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Feux follets (Will-o’-the-wisps) is the most intricate of the studies, at one level a notorious double-note study, at another a mystical half-lit piece full of strange modulations. Vision is a broad, grand piece, very imposing in its use of arpeggio and tremolo, and Eroica is a triumphal march full of octaves. Wilde Jagd (Wild Hunt) is marked ‘Presto furioso’ and in the matter of leaps is the most reckless of the studies, beginning with jagged cross-rhythms which are later contrasted with a more four-square, fanfare-like theme.
The last four studies are among Liszt’s finest works. Busoni’s epithet ‘like a packet of yellow love-letters’ is among few such bons mots about music that could ever be said to have hit the mark squarely, for Ricordanza is just that, with its old-fashioned operatic melody (marvellous tune for a boy to have written in 1826!) and its tender figurations. The great F minor study is well described by its direction ‘Allegro agitato molto’, and is the only example of a standard form in these studies—sonata form, with two subjects strongly contrasted in character and tonality, and rigorously developed. Harmonies du soir conjures up far more than peaceful scenery and distant bells, creating almost an orchestral dimension of sound as each theme is extended to cover the whole compass of the keyboard in the fullest Romantic grandeur. Chasse-neige (Whirlwinds of snow) achieves its grandeur by its very relentlessness, in which bleakness is conveyed by constant tremolo, and the blurred Impressionistic effect is heightened by the pedalling chromatic scales into the prevailing texture. That Liszt’s intentions were musically irreproachable is borne out by his clear rejection of any kind of applause-raising coda to the set: Chasse-neige ends imposingly but firmly without any change of mood.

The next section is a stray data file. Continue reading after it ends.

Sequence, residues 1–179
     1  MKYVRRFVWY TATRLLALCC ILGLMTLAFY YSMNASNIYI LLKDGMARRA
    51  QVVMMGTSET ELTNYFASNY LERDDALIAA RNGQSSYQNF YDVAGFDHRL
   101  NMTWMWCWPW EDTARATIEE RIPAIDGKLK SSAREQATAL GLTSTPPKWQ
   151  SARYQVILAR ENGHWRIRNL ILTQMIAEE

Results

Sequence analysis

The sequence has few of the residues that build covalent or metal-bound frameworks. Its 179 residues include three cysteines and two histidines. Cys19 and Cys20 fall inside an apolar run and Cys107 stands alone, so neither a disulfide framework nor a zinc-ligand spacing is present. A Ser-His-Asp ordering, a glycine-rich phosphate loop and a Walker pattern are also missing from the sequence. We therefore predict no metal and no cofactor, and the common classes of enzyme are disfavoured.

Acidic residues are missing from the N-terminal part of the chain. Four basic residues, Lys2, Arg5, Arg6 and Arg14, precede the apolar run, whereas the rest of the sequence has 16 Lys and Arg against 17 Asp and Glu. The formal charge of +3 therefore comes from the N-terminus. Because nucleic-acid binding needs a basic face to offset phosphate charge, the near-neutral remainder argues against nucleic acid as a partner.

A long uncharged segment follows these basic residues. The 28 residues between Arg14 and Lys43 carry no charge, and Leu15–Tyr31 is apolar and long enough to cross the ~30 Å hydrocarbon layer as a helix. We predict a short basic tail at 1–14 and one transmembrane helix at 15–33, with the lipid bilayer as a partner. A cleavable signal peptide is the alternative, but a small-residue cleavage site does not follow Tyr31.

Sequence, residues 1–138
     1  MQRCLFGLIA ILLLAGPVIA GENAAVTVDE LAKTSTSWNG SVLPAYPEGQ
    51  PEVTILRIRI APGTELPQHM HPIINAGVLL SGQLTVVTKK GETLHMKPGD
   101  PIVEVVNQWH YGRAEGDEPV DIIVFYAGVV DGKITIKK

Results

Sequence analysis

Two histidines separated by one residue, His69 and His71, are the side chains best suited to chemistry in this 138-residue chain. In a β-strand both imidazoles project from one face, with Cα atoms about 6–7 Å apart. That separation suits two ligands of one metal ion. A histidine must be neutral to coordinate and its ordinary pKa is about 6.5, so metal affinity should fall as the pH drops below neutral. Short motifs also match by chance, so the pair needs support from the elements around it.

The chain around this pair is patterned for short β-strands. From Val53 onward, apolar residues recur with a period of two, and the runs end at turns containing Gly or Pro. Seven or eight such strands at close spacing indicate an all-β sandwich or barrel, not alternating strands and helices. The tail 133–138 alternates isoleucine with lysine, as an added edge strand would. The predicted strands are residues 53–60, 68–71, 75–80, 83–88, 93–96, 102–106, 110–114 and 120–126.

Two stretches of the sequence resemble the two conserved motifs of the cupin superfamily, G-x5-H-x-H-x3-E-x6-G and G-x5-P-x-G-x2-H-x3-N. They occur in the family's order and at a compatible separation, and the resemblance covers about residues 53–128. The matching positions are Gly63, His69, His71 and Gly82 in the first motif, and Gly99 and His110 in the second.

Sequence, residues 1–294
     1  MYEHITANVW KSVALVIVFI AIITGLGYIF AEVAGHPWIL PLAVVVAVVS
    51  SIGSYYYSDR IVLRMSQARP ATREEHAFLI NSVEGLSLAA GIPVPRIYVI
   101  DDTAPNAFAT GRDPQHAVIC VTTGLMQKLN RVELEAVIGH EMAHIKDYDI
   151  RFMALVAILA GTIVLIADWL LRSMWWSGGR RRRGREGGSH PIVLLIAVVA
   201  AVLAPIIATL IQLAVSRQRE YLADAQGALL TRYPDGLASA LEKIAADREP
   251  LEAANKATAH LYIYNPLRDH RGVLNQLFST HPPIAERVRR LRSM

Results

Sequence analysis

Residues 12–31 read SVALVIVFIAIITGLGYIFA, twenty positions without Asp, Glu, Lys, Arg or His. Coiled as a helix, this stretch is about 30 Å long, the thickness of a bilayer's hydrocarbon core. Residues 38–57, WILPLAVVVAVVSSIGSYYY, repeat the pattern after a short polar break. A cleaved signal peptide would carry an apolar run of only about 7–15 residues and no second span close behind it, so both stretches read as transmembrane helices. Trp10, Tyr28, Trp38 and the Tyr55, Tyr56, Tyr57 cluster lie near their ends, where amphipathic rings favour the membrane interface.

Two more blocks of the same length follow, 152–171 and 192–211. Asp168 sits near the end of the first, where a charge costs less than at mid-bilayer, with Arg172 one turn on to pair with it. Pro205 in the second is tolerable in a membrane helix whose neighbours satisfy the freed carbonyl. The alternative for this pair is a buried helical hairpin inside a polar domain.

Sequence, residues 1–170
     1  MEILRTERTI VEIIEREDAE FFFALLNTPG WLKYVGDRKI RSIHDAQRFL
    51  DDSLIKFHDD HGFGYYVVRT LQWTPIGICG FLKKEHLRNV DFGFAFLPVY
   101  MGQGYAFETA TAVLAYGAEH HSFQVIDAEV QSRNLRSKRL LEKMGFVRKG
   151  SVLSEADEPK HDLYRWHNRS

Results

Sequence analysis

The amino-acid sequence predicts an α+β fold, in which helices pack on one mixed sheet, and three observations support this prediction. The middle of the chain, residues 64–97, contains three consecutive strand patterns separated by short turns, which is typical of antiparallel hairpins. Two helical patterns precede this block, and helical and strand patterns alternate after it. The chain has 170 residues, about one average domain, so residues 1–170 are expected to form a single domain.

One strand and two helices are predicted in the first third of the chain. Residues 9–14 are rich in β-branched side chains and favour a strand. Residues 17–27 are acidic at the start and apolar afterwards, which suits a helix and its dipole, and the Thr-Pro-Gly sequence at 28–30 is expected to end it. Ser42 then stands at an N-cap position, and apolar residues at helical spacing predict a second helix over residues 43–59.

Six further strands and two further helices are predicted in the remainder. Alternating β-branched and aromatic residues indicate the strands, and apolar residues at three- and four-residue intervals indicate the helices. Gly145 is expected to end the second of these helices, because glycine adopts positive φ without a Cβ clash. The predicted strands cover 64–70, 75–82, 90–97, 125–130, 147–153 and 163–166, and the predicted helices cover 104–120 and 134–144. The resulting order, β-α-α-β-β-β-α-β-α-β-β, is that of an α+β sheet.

from notes by Leslie Howard © 1989
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